Background on Paulsboro Refinery & Paulsboro Health Problems: The population in the region has been exposed to water and air contamination from the Paulsboro Refinery, other refineries, oil and gas pipelines, railway-transported hazardous materials, Solvay Specialty Polymers, Exxon-Mobil, and other processing and manufacturing facilities and storage yards that pose serious health risks and environmental pollution hazards. Specifically, the EPA data shows with stark numbers that outsized amounts of pollution dumped into the creek and river by the Paulsboro Refinery, delivering this pollution downstream to communities and, by tidal action, up to Philadelphia’s and South Jersey’s major drinking water intakes on the Delaware.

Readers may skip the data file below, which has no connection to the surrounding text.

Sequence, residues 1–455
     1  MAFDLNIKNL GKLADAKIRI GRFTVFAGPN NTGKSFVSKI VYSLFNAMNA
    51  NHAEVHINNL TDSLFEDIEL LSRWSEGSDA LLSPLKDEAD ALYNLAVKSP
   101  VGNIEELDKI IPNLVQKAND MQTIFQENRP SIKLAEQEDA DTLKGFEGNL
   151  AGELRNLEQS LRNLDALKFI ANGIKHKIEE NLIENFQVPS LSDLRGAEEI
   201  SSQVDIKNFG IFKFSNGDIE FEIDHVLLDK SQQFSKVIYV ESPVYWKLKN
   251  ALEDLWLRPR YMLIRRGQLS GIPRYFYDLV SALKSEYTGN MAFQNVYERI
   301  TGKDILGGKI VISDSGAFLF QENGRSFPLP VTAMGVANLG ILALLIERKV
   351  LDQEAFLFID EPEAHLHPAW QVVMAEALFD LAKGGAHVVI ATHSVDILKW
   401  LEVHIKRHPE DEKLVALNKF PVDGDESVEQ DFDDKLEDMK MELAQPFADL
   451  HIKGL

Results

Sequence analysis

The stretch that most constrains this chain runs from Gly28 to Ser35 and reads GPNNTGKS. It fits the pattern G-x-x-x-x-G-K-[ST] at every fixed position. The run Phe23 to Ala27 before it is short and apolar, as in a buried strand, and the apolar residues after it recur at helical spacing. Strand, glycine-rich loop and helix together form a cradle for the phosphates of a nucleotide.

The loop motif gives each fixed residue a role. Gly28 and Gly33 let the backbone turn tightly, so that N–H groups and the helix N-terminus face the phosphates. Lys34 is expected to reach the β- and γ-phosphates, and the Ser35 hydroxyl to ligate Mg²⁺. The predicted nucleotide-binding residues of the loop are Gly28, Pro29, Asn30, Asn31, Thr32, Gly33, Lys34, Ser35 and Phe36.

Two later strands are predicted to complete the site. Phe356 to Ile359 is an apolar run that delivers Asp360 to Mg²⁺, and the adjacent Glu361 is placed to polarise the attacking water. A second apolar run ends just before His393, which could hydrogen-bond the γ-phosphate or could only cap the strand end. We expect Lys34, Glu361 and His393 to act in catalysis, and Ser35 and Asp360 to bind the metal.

“The people in the Paulsboro region are subjected day in and day to air and water pollution from the Paulsboro Refinery and many other petrochemical facilities in this part of the Delaware River.  The public health and environmental impacts of this constant barrage of contamination takes its toll on the health and safety of those who live here, unfairly exposing local residents and workers to layer upon layer of pollution, as well as all those downstream who suffer the degradation of the river’s water. Combined with other sources of pollution such as Solvay Specialty Polymers in West Deptford where perfluorinated compounds have been spewed for decades into the air and water here, this is intolerable - the government should wake up and do something to stop sacrificing this region to industry,” said Tracy Carluccio, Deputy Director, Delaware Riverkeeper Network.